There’s a column in Shutterbug magazine, written by David Brooks (not the New York Times columnist), in which Brooks answers readers’ questions about digital photography. In the November, 2012 issue, there’s an interchange between Brooks and James Ulrich, Emeritus Professor of Computer Science at the University of Montana.
The discussion begins with a letter from Ulrich complaining about a statement by Brooks in the April, 2012 issue that, “No calculation is needed to edit an image with Photoshop.” Ulrich gently points out that without calculations, nothing would be done to the image and dryly says: “Your apparent distinction between calculation and computation is puzzling and unique.”
Rather than take the opportunity to retract his ill-considered statement, Brooks takes on Ulrich on the professor’s home turf, computer science. Brooks says:
Changes made using Photoshop editing tools like reducing brightness, increasing saturation, and changing image size involved preset algorithms built into the software not computation (that is been done for the user and is included in the application).
Brooks goes on to say that there are few exceptions but they are “minor or ancillary”.
Ulrich politely disagrees, says that perhaps the discussion is about semantics, and congratulates Brooks on his column.
Brooks doubles down and explains exactly what he means:
… computation in the form of an algorithm (a complex, already computed formula) is already done in the software. The algorithm simply conveys the changes in the xy-rgb number values directly from the application to the image stored in RAM. It goes through the I/O chip, not by and through the CPU processor.
This is completely wrong in every respect: pre-computation, direct change by algorithm, and the path the data takes. An algorithm is a set of instructions for calculating a function or performing an operation. It tells you what you must do to calculate the result; the result is not pre-calculated for every possible image.
Let’s consider an example. One of the least computationally-intensive operations that you can perform upon an image is to invert it. If the image is in RGB, and the color planes are eight bits deep, each pixel in the image is represented by three eight-bit unsigned integers. Inverting the image is performed by producing an image in which each of the color planes consists of the result of subtracting each pixel in that plane of the input image from 255 (for 16-bit depth, the number is 65535). For a 6000×4000 pixel image, that’s 48 million subtractions. Those subtractions get done in one or more of the CPU cores, or possibly in the graphics processors in your display adapter if you’ve told Photoshop to use it when it can.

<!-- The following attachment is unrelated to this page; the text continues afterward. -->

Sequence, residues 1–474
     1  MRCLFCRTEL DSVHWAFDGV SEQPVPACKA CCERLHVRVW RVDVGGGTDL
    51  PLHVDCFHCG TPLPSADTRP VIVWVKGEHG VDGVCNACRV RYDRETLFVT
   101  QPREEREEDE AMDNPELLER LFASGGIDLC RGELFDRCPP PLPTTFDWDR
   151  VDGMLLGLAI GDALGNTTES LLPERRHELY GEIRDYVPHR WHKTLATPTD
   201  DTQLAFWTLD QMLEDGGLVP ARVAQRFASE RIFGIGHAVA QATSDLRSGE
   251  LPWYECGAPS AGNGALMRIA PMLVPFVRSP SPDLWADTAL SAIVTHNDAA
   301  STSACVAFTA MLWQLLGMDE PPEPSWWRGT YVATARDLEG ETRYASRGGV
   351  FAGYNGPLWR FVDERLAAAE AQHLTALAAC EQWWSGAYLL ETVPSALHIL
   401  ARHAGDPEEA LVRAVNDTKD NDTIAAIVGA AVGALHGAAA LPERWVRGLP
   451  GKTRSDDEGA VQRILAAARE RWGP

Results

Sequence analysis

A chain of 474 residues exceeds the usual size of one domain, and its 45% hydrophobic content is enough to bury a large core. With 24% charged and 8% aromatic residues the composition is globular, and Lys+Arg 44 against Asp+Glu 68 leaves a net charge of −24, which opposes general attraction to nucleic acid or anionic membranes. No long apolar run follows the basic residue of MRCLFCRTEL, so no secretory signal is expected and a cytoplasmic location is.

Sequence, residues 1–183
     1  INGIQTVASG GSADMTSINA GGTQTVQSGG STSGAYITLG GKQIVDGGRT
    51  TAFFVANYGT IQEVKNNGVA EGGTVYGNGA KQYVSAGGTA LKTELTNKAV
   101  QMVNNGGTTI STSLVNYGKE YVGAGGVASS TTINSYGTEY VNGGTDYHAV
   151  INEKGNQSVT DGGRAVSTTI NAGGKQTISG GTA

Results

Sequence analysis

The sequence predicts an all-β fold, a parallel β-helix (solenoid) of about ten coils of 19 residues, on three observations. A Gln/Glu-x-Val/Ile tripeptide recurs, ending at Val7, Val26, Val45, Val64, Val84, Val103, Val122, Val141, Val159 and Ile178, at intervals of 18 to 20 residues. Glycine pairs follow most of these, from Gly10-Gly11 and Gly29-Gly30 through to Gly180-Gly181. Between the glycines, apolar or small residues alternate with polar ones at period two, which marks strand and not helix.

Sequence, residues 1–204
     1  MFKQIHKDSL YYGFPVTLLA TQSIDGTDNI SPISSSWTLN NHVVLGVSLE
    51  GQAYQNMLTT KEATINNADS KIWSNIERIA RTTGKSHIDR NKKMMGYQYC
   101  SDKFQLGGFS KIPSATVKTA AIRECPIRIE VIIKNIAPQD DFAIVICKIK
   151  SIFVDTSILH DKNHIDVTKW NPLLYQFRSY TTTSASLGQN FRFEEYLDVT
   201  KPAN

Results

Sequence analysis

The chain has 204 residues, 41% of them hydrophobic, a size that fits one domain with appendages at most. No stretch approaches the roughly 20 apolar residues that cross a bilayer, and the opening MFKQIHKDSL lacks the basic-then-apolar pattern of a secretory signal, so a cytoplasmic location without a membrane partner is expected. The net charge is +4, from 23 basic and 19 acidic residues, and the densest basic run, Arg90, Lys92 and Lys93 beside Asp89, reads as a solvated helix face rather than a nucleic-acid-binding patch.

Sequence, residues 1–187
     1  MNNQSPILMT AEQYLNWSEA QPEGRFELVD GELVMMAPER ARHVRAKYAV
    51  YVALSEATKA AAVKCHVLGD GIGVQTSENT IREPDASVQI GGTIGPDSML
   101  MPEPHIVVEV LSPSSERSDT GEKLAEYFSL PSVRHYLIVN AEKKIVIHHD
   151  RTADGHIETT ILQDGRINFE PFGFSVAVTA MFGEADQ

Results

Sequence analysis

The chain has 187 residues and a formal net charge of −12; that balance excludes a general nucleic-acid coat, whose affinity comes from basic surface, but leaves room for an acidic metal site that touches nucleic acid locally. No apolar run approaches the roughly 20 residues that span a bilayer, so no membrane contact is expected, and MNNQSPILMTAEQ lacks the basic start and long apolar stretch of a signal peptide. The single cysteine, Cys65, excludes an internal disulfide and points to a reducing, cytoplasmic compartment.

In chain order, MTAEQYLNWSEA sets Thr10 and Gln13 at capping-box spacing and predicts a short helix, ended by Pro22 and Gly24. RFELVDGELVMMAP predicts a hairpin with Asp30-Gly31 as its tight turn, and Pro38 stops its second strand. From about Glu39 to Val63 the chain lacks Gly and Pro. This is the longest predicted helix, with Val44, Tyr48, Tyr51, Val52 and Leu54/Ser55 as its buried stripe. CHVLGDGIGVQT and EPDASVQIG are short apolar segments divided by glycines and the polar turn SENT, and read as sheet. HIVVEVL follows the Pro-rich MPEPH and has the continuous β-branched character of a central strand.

Brooks’ idea of computation-less modification of an image stored in RAM by an application also stored in RAM is truly bizarre. Photoshop consists of object code in the machine language of the processor on which it expects to run. The only way this object code can cause things to happen is to be executed by a processor.
The whole thing makes me wonder about the gravitas of photographic publications. Back when photography was chemical, I believed what I read in most publications, at least when the subject was technical. Maybe they weren’t to be trusted in those days, but I didn’t know any better; I wasn’t an expert. I am an expert in digital computer systems, and now that much of photography involves those systems, I see more and more errors in photographic publications. I have to admit that I have seen few quite so jaw-droppingly uninformed as Brooks’.
Another attribute of the discussion in Shutterbug that bothers me is Brooks’ refusal to reconsider his initial statement when it was questioned by someone with the credentials of an expert. Brooks could have easily found someone knowledgeable to advise him, but he chose not to do that.
I expect this kind of willful carelessness in the wild-west of the Internet. I’m still surprised to see it in print.